David N. Livingstone once again wraps things up with his “Science and Place.” Imagining science in the singular has been used by progressivists in the service of “philosophical argument or social policy in order to provide grounds for investment in such cultural capital as intellectual advancement, technical control, and instrumental progress.” But a “geography of science,” Livingstone tells us, reveals a “science” influenced in significant ways by location. This analysis undoubtedly “disturbs settled assumptions about the kind of enterprise science is supposed to be and calls into question received wisdom about how scientific knowledge is acquired and stabilized.” In other words, what passes as “science” is different not only from time to time, but also from place to place.
Livingstone supports these claims by looking at “productions of space.” Spaces are social productions of practice, including scientific ones. “Venues like the laboratory, the observatory, the museum, the field, the botanical garden, and the hospital…” but also “cathedrals, coffee houses, tents, breeding clubs, royal courts, stock farms, exhibition stages and, no doubt, many more” are spaces and sites of scientific performance, principle, practice and theory, of institutions and ideas; and each is conditioned by geography.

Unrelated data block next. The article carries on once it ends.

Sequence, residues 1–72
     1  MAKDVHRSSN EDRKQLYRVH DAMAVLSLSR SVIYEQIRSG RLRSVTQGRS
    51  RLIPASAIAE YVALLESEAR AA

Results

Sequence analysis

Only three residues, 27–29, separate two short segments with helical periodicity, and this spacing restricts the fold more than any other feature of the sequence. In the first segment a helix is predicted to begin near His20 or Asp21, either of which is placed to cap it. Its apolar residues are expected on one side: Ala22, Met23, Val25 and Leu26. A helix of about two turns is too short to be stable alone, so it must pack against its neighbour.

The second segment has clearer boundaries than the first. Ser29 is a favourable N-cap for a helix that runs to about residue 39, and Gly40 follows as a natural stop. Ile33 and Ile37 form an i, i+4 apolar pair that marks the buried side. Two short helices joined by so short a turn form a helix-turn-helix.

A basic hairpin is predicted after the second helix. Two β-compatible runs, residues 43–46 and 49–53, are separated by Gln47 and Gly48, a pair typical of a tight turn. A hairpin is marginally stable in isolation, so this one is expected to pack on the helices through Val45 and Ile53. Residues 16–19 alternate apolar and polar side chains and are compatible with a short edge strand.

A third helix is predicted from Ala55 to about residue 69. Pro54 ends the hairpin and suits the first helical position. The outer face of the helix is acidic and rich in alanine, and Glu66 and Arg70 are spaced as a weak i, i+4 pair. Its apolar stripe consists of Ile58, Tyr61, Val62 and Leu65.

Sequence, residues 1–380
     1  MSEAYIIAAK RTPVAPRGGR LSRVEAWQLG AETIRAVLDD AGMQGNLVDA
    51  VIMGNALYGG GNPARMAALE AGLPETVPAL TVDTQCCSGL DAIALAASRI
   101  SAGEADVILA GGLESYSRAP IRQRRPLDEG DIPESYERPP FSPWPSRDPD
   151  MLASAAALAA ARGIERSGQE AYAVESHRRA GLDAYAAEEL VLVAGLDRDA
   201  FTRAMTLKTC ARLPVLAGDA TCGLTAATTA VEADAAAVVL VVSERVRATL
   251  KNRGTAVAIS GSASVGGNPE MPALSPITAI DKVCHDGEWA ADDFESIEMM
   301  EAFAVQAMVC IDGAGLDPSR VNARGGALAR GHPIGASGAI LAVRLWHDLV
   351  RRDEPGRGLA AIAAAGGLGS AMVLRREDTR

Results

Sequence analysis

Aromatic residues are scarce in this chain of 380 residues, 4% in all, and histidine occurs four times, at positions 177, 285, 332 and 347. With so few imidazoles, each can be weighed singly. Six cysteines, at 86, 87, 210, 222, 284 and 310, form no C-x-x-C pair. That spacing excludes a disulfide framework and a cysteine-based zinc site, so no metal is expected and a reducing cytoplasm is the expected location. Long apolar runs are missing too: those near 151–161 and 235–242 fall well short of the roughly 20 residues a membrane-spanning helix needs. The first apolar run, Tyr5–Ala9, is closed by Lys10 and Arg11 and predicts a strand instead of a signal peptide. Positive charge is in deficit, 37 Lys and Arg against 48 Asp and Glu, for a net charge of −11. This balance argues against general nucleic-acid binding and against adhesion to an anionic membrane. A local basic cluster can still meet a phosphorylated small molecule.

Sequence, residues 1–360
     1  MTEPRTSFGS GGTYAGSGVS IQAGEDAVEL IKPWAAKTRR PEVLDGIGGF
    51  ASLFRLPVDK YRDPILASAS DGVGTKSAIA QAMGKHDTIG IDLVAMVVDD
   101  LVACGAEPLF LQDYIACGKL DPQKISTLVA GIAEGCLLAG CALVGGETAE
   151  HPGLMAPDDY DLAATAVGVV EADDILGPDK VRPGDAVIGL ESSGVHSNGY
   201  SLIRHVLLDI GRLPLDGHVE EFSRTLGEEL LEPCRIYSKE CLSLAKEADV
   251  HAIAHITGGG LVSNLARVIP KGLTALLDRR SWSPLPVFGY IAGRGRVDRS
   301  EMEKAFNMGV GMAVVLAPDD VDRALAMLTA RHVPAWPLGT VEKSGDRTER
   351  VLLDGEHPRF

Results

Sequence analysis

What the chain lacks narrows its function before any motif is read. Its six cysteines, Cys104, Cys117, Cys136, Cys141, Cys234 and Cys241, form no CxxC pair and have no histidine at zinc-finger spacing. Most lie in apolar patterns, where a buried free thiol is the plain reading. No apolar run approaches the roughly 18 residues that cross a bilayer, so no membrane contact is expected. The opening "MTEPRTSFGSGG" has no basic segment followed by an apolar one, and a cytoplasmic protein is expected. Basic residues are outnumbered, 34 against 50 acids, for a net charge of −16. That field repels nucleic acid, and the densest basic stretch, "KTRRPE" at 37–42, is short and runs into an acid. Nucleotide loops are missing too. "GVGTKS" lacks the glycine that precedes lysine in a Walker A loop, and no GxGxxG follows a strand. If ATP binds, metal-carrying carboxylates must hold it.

The following sections on “spaces of experimentation,” “spaces of expedition,” and “spaces of exhibition,” are drawn largely from Livingstone’s Putting Science in its Place (2003), and a summary of them can be found here, here, and here.
Just as scientific knowledge is produced in a variety of places, so too the results of scientific inquiry are received in different venues. Darwin’s theory evolution is a case example, experiencing a “different fate in different national settings, religious spaces, and institutional arenas.” Protestants in Edinburgh, Belfast, and Princeton developed “markedly different tactics in their reading of the Darwinian challenge.” This leads Livingstone to posit that “scientific ideas rarely circulate as immaterial entities”—they are embodied.
More specifically, ideas are embodied “written texts,” for it is “print rather than thought or theory that is let loose upon the world.” A consideration of textual spaces is therefore necessary for understanding scientific culture. But because textual meaning is mobile, distinctive cultures of reading must be parsed within “regions and between them, within cities and between them, within neighborhoods and between them.”
“At every stage in the cycle of scientific culture, place matters. Where scientific work is conducted and where its wares are encountered make a difference to both the production and consumption sides of the enterprise. This means that if we are to understand the place of science in our culture we will need to attend more carefully to the places of scientific culture and to how these spaces have historically come into being.”